GE May Cut Commercial Lending

General Electric now considers most of its banking operations to be something it would be better off without, and wants to unload them on a much faster schedule, The Wall Street Journal reported on Wednesday (March 11).

That would mean GE Capital — which as a standalone bank would currently qualify as the seventh-largest U.S. bank — could eventually be slimmed down to an operation that would primarily finance customers of GE’s industrial operations, which include manufacturing jet engines and power turbines. Much of GE Capital’s current business consists of financing for retailers such as supermarket chains and fast-food franchisees.

“GE Capital must enhance our industrial competitiveness, not detract from it,” CEO Jeff Immelt wrote in a shareholder letter that will be published Monday with GE’s annual report, according to the WSJ. “We see a significant advantage in our ability to bring financial solutions to industries like aviation, energy and health care. But make no mistake, the ultimate size of GE Capital will be based on competitiveness, returns and the impact of regulation on the company.”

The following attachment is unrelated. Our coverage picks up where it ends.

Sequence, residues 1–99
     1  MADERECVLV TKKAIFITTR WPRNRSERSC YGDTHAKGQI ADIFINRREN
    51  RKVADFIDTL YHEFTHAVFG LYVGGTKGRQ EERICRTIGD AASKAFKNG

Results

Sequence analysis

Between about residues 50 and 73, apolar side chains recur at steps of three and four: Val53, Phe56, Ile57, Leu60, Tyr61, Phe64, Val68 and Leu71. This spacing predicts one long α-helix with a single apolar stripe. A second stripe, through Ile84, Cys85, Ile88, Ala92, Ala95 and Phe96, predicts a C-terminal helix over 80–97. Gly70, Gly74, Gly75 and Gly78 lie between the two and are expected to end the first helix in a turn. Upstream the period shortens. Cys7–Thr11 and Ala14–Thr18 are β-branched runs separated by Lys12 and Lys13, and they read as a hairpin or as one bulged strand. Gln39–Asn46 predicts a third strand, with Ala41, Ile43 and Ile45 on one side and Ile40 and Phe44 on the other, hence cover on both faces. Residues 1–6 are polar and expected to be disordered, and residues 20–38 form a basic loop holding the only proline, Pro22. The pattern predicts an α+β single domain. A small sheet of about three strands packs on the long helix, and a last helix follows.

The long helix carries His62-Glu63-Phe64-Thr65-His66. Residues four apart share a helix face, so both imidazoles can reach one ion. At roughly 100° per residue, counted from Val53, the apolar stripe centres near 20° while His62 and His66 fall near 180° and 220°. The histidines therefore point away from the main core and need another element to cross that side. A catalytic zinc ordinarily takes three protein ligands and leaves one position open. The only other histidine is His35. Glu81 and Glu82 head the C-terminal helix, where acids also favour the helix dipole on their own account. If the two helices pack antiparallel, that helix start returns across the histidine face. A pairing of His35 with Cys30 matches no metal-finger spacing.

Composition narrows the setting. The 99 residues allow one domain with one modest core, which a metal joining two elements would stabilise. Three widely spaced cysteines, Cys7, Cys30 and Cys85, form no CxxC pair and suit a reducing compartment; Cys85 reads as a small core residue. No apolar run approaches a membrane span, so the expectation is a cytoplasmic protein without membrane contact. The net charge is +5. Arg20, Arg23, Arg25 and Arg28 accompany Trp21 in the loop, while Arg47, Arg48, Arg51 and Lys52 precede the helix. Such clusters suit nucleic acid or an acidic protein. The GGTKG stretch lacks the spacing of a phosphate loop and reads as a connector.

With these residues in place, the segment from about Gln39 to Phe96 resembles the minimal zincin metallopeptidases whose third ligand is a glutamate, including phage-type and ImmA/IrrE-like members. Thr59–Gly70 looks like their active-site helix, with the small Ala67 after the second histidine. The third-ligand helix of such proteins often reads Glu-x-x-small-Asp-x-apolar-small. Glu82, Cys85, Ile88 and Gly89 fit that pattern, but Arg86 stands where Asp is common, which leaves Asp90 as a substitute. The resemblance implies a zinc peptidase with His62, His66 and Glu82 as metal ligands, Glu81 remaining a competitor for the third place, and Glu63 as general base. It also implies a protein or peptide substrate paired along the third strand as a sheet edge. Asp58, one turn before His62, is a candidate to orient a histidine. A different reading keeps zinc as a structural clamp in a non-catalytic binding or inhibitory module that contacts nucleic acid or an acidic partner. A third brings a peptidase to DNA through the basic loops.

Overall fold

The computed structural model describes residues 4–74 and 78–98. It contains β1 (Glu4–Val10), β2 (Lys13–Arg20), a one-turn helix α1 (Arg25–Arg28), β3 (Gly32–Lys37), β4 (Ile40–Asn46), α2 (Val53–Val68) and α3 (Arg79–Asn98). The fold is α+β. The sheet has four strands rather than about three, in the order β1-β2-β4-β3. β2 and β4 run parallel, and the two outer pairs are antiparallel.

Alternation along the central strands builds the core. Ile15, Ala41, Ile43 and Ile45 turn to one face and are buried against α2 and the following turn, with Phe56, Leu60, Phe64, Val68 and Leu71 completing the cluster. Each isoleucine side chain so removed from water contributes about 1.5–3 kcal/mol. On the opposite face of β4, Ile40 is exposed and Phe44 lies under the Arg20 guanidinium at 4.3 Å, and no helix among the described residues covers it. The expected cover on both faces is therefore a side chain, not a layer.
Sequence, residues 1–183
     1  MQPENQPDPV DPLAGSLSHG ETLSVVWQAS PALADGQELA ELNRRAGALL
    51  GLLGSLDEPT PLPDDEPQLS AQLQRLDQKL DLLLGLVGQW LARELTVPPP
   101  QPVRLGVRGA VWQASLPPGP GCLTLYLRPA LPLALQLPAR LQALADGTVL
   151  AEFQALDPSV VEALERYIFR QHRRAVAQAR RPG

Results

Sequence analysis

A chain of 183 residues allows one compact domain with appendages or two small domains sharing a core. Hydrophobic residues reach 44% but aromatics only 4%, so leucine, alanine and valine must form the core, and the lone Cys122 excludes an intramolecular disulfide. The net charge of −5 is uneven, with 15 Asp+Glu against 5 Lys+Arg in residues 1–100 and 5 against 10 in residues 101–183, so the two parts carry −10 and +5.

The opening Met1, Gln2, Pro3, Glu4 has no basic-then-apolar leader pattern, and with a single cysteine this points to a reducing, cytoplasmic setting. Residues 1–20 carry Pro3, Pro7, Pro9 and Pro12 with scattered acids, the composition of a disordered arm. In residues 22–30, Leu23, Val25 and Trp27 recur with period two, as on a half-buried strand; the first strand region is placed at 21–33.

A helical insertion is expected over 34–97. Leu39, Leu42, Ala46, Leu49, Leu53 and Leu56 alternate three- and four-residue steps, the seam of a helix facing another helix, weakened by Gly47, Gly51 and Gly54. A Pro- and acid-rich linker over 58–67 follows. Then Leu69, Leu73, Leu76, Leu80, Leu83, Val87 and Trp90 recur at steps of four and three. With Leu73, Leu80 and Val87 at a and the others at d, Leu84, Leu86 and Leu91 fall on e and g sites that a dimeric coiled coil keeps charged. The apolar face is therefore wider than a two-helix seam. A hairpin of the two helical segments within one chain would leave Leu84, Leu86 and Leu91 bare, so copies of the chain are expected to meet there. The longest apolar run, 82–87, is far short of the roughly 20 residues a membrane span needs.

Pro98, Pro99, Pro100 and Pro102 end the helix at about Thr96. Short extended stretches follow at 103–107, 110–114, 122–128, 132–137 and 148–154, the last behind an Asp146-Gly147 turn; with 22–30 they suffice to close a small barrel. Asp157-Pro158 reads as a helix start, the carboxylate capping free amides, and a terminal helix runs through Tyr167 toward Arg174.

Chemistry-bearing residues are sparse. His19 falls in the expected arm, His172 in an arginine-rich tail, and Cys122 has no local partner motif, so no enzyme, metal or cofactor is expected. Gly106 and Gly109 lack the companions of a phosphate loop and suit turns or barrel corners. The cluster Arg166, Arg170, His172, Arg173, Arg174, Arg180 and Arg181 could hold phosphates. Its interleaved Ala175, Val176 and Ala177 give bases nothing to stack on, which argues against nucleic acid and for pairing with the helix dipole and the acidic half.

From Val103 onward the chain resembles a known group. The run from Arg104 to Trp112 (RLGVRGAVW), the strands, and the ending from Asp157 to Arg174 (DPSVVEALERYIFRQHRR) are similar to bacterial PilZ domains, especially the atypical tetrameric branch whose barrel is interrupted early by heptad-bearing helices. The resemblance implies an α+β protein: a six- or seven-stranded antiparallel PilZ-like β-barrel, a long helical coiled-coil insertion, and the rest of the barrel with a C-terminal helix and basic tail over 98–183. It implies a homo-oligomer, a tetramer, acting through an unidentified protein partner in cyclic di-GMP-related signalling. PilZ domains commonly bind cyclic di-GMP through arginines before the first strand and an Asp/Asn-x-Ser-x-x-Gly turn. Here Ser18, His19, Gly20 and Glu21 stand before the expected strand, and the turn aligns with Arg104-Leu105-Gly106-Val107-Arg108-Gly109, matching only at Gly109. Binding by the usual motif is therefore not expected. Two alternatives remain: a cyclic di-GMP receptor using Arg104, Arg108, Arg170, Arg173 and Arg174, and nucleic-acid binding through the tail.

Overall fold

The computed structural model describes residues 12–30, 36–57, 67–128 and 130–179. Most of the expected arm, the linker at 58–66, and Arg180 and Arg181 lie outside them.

Analysts say shareholders view the finance business — which is expected to provide 25 percent of GE’s profit in 2016 — as too risky after it came close to taking GE down during the financial crisis, when GE Capital produced half of GE’s profits. Since then, financial regulation has stepped up dramatically, and GE Capital has been designated by regulators as a Systemically Important Financial Institution (SIFI), which raises its capital requirements and reduces the profits it can feed back to industrial operations or for dividends or share repurchases.

One solution to that problem is to slim GE Capital down so it’s no longer big enough to qualify as a SIFI. GE has been doing that in large ways and small — for example, last year it began spinning off its private-label credit card business into a separate company called Synchrony Financial, and in February the government of Hungary said it would buy Budapest Bank from GE Capital for up to $700 million. But regulators will also have to give approval for a much faster breakup of GE Capital.


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